Senate confirmation looked like a done deal, but gender politics are disrupting the process. Judge Brett Kavanaugh’s unblemished record is up against a woman’s lifetime of trauma--depending on who you believe. What are the options for Senate Republicans less than two months before this year’s elections?
President Trump has famously violated traditional rules of presidential behavior. Now Barack Obama has broken the studied silence maintained by former presidents. He’s even attacked Trump by name. Warren explores the historical context and future implications with Tim Naftali, who once ran the Richard Nixon Library and Museum.
California leads the nation in reducing greenhouse emissions, but Governor Jerry Brown concedes that’s just the beginning. Will his global conference on climate change make any difference? Not without trillions of dollars, which will have to come from private investors. We’ll hear about some exotic technologies attracting that kind of money.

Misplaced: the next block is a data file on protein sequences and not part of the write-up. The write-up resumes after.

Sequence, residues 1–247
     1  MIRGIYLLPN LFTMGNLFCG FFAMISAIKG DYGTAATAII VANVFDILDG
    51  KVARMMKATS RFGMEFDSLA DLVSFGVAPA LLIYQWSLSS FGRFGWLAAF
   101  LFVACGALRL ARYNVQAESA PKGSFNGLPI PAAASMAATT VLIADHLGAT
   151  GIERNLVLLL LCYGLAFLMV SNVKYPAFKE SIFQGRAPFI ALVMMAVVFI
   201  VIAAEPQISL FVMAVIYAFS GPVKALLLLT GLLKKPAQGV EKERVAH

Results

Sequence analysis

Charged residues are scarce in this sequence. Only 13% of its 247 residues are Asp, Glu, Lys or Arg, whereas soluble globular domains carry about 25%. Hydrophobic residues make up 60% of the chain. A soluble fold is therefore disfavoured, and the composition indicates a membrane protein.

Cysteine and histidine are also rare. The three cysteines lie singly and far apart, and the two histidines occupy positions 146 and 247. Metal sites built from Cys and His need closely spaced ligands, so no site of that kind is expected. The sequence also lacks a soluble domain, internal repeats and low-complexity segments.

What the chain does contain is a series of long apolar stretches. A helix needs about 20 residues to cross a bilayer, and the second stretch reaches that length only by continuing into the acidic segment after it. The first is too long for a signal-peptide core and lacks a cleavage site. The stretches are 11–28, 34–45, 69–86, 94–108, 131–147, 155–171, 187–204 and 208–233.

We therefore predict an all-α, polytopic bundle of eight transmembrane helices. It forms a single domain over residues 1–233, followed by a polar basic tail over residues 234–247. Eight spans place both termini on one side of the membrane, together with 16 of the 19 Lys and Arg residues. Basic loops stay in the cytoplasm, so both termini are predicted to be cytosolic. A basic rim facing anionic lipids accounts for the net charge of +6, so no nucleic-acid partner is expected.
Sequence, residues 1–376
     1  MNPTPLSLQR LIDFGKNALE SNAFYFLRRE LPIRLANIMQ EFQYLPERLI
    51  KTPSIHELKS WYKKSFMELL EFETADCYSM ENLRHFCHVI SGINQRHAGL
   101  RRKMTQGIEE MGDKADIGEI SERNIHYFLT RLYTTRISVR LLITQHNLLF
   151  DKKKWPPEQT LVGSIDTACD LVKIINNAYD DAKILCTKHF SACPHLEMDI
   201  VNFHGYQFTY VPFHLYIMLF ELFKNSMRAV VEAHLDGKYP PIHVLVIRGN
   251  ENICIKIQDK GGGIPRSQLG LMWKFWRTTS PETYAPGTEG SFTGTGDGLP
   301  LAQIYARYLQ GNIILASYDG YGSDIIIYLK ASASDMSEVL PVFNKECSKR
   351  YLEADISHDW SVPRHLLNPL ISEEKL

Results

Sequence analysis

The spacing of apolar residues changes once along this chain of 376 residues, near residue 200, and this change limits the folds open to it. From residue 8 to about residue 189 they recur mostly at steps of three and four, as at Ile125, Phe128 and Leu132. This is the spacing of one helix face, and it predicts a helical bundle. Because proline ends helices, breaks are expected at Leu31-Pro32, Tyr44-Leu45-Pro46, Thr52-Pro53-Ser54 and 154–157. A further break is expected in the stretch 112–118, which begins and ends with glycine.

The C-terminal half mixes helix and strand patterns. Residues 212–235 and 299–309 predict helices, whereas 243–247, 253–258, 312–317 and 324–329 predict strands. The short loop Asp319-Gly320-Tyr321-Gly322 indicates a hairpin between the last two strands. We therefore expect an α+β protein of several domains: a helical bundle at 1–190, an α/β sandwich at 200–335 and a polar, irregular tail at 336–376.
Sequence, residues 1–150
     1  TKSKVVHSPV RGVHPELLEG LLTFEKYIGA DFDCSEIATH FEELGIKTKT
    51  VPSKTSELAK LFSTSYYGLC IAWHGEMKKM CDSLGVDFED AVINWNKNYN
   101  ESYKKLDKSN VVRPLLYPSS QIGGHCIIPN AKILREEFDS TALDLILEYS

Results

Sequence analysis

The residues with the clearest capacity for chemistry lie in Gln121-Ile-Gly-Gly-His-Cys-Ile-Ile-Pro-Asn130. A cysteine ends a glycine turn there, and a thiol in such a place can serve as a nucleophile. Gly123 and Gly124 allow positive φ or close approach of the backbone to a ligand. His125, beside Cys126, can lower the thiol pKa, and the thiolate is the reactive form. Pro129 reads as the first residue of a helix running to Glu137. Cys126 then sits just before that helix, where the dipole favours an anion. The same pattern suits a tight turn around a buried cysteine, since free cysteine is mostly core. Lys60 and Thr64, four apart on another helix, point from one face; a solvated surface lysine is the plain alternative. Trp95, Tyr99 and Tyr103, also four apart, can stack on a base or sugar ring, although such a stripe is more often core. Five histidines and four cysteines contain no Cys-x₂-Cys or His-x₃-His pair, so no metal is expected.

Senate confirmation for SCOTUS nominees has become a political circus. That’s because unelected judges have seized legislative powers--when Congress fails to take action. Ruth Bader Ginsburg says Roe v. Wade is bad constitutional law, even though she agrees with the outcome. Should abortion have been left to the voters? Will Brett Kavanaugh make a difference?
Adolf Hitler admired Jim Crow laws, segregation and other historic departures from America’s highest ideals. That’s detailed in, “How Fascism Works: The Politics of Us Against Them.” Yale philosopher Jason Stanley says that President Trump is resurrecting ideas, rhetoric and practices from the past to divide Americans in the present.
Interior Secretary Ryan Zinke has admitted that climate change is a factor in this year’s massive wildfires. But President Trump continues pushing a disinformation campaign. That’s fueling the conflict between environmentalists and the timber industry over how best to manage America’s forests.
President Trump promised to hire “the best people” and “drain the swamp” in Washington. But he’s setting White House records for firing his own staff, and it’s “business as usual” for many of those who remain. We’ll look beyond the trial of Paul Manafort.